I then asked her what she was doing to nurture her relationship with God. She told me that every morning she would get up, fix herself a cup of strong tea, wrap herself in her grandmother's afghan and sit in her comfortable lounge chair and gaze out her window at Pike's Peak. Sometimes she would play music, or read a few lines of Scripture or other devotional material. "Sounds like prayer to me," I said. "Oh, no," she replied. "It's too easy and comfortable to be prayer."
Designing Your Own Life of Prayer
The practice of prayer can be comfortable, challenging, easy or difficult. Like human relationships, our relationships with God will go through many stages as we become more intimate. Sometimes the relationship will fill us with great joy, other times it will seem boring and stale. Sometimes the relationship will be as natural as breathing. Sometimes it will demand hard work and require a lot of time and energy. We may even have times when we break our relationship with God, going our own way, paying no attention to God or to prayer. But God does not turn away. God keeps calling. And after a time, a longing wells up in us to return to God. This longing is a sign of faithfulness, for our hearts have been touched; we have heard God's call.
Our longing will lead us to God, back to the life of prayer. Rather than berating ourselves for having lost our way, we can celebrate that we have found our way again. Like the woman who lost one of her ten silver coins and called her friends and neighbors together to rejoice (Luke 15:8-10), we can know joy when we return to the life of prayer.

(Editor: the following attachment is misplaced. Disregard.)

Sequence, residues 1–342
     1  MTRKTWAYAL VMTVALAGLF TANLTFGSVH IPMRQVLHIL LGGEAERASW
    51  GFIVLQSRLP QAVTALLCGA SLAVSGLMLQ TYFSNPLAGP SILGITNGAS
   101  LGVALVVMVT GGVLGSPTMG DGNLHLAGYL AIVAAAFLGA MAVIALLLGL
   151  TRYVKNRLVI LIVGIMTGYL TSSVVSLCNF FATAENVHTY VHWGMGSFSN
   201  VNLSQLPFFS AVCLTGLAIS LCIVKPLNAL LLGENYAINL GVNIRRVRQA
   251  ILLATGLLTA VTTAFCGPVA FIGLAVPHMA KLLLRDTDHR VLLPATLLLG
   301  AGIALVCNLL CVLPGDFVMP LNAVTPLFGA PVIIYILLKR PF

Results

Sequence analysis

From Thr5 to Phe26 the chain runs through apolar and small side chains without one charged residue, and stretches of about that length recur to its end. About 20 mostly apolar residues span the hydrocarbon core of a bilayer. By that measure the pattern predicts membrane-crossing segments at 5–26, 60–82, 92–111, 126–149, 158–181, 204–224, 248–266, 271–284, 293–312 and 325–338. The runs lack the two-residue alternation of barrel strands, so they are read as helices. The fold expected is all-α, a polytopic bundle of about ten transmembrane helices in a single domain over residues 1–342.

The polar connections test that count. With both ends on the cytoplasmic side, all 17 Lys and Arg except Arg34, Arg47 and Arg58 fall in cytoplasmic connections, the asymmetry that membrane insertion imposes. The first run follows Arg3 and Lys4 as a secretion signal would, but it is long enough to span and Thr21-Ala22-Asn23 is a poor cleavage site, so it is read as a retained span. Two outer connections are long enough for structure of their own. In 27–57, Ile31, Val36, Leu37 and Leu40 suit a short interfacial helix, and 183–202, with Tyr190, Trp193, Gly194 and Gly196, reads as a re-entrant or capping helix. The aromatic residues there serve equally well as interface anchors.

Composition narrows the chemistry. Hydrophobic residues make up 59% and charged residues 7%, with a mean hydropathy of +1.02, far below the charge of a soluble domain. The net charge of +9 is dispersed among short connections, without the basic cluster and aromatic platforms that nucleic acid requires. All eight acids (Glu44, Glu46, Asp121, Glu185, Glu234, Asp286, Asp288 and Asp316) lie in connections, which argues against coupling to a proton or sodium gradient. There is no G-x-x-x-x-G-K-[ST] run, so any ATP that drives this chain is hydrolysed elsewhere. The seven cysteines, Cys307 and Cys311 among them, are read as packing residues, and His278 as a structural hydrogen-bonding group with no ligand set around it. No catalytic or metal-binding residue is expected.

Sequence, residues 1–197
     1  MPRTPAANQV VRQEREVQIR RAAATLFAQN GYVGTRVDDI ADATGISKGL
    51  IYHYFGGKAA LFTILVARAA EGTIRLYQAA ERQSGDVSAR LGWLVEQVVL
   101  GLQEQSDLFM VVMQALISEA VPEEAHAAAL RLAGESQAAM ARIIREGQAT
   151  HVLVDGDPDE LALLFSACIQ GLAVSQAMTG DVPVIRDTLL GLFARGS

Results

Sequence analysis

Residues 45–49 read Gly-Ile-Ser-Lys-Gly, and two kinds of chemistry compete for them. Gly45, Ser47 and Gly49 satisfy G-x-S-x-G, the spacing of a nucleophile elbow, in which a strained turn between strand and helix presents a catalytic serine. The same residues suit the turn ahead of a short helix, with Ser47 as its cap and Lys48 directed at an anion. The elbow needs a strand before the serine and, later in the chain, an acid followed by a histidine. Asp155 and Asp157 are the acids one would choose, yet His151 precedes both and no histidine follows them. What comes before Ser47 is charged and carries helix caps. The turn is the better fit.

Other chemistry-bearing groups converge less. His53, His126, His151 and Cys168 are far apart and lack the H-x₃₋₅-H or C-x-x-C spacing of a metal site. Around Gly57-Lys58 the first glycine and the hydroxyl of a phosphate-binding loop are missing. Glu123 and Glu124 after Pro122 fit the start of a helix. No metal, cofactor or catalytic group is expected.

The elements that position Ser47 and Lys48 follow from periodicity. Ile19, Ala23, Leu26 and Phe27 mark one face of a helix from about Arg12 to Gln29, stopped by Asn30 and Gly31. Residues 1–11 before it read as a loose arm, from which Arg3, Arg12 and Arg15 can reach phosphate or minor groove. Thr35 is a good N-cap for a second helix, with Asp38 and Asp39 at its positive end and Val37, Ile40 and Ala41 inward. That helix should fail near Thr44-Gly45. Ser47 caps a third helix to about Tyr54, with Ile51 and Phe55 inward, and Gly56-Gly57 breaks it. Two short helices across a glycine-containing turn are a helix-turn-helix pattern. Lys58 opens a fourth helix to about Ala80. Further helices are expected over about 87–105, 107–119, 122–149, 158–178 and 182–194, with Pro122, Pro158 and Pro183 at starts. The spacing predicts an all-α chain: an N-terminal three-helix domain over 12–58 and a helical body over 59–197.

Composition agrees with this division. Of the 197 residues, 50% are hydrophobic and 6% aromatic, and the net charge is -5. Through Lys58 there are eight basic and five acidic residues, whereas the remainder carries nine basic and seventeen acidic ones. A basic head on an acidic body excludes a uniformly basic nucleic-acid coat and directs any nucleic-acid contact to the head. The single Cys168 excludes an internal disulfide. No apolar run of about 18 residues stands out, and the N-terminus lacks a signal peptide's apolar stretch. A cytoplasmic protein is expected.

As you think about and plan for your own life of prayer, be in prayer. Let the spirit guide you. Prayer forms can be combined or adapted for your own special needs. You may discover a unique style that grows out of your past experience, your present circumstances and your longing for God.
In designing your own prayer life, the following questions may guide you:
* What is the easiest and most natural form of prayer for you?
* What would be a realistic rhythm of prayer for you? Daily? Weekly? Monthly? Would it be possible to schedule a yearly retreat?
* Remember times you have wandered from your practice of prayer. What was the experience of being lost and then finding your way again?
You might ask: "Isn't a life centered on prayer only for monks and mystics and saints?" Although these holy people have much to teach us about prayer, I believe a life of prayer is available to all of us -- young and old; alone and in the midst of family; working, retired, and unemployed. God calls all of us into relationship.
As you respond to God's loving call in your life, I offer this prayer from Ephesians for your journey:
I pray that the God of our Lord Jesus Christ ... may give you a spirit of wisdom and revelation as you come to know God, so that with the eyes of your heart enlightened, you may know what is the hope to which God has called you....
Bacovcin, Helen, trans., The Way of the Pilgrim, Garden City, New York: Image Books, 1978.
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Hall, Thelma, R.C., Too Deep for Words: Rediscovering Lectio Divina, New York: Paulist Press, 1988.
Keating, Thomas, Open Mind; Open Heart, New York: Amity House, 1986.
Rupp, Joyce, O.S.M., Praying Our Goodbyes, Notre Dame: Ave Maria Press, 1988.
Thompson, Marjorie J., Soul Feast: An Invitation to the Christian Spiritual Life, Louisville: Westminster John Knox Press, 1995.
Vennard, Jane E., Praying for Friends and Enemies: Intercessory Prayer, Minneapolis: Augsburg Publishing, 1995.
Vennard, Jane E., narrator, Coming Face to Face With God: Conversations of Prayer, (video), Minneapolis: Augsburg Publishing, 1995.
Wuellner, Flora Slosson, Prayer and Our Bodies, Nashville: The Upper Room, 1987.